With Gaetano chairs dancing in my head, I cut off a large round slice from a jeans leg. Cut open one seam and laid it flat. Cut a piece of denim yardage to a little bigger, to serve as backing. Laid the backing denim flat on the table, put a piece of cotton batting on top, then drizzled polyester stuffing as evenly as possible all across the top of the batting. Put the jeans leg slice on top of the sandwich. That sucker is now very puffy. (A little too puffy. Next time I think I'd just use batting, not the stuffing).  

Machine quilted across the breadth of it. 
The horizontal lines aren't actually stitched; they're loose threads. I did a couple of zig-zag tacking stitches in one place, then lifted the presser foot, moved the piece about an inch forward, and then did another couple of tacking stitches, moved forward, and so forth. You might want to measure and mark first if you're new to machine quilting. 
I bound the top and sides, set a quilted circle of denim in the bottom, and bound the bottom edge. The top is embellished with white embroidery floss stitches and mother-of-pearl (mostly) buttons (which make everything much better.) Results:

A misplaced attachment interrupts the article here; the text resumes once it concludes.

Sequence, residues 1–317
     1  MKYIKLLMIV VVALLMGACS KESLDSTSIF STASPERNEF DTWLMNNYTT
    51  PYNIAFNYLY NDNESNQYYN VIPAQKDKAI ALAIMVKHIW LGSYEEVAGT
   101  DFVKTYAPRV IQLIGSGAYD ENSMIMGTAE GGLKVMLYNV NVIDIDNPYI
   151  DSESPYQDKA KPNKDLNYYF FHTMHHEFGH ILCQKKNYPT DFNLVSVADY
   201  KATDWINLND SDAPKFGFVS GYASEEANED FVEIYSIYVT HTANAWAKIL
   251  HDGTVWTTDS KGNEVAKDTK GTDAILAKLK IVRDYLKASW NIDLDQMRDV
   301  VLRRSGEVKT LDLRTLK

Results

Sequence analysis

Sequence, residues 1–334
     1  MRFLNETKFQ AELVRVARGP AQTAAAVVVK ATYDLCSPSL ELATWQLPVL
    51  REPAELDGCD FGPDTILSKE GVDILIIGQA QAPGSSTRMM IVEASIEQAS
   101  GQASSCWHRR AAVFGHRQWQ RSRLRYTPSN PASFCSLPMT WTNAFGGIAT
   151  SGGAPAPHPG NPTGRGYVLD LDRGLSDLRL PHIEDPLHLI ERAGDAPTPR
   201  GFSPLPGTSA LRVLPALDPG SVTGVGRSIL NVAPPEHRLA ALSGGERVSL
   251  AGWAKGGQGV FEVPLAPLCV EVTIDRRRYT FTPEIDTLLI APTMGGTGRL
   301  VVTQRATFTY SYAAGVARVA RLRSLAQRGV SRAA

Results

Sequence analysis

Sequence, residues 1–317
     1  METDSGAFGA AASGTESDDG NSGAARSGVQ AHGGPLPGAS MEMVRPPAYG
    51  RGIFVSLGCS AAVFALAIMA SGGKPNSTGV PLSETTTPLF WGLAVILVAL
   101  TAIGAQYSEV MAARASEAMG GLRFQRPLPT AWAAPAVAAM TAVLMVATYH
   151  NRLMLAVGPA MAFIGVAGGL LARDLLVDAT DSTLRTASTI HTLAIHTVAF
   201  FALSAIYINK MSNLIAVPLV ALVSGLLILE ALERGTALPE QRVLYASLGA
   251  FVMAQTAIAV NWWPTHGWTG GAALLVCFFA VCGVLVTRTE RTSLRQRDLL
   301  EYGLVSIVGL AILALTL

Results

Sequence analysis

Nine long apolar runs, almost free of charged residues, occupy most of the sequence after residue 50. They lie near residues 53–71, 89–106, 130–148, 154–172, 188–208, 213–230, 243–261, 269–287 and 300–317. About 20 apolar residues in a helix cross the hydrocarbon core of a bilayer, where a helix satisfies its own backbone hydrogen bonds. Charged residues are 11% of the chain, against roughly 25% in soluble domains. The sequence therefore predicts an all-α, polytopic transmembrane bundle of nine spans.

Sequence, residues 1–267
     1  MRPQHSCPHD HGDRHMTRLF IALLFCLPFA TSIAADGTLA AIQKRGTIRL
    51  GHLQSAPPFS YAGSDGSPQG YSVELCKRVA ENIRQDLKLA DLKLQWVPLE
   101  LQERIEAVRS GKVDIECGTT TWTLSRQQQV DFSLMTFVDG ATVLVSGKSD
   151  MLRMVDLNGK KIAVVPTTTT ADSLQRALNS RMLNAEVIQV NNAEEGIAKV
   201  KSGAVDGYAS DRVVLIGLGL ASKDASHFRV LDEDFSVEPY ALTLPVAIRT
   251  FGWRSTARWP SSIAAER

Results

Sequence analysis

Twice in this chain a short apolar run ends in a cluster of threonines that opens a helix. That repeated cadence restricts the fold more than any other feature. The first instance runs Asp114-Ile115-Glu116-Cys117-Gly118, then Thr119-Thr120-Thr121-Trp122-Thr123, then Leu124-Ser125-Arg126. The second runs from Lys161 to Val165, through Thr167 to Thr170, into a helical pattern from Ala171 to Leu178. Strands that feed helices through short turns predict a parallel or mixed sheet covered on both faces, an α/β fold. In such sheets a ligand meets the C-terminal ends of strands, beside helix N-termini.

A few hand-tacking stitches (or the addition of some buttonholes and more buttons along the edges) will make it as open or closed as you want. 
I'm using mine to store balls of yarn that I'm working with, on my coffee table. 

It's reversible, too. On the bobbin side, I used variegated thread. 
Grazie, Signore Gaetano!

Finally, I elaborated on the paisley vessel shown in the last post. I added a round of cross stitches, and finished the top edge with a cuff from the lining, held in place by french knots.
I haven't made up a tutorial for any of these yet, but will if people let me know which (from this post or the the last) that they'd like to see. Meanwhile, here are three fun and easy denim vessel tutorials from around the web: One, two, and three. Braided denim vessels, a la braided rugs, to ogle here

Denim has SO many possibilities. I want to try distressing the denim before creating the vessels. Some family, yard sale, and expensive designer jeans come with delightful worn spots and holes. And some jeans are made with interesting seams and embroideries, which would be fun to show off in a vessel. I can see them as vases, handbags, lunch bags, and - what else?  I hope this inspires you to play with your jeans! And, yes, I would LOVE to see pictures of your creations!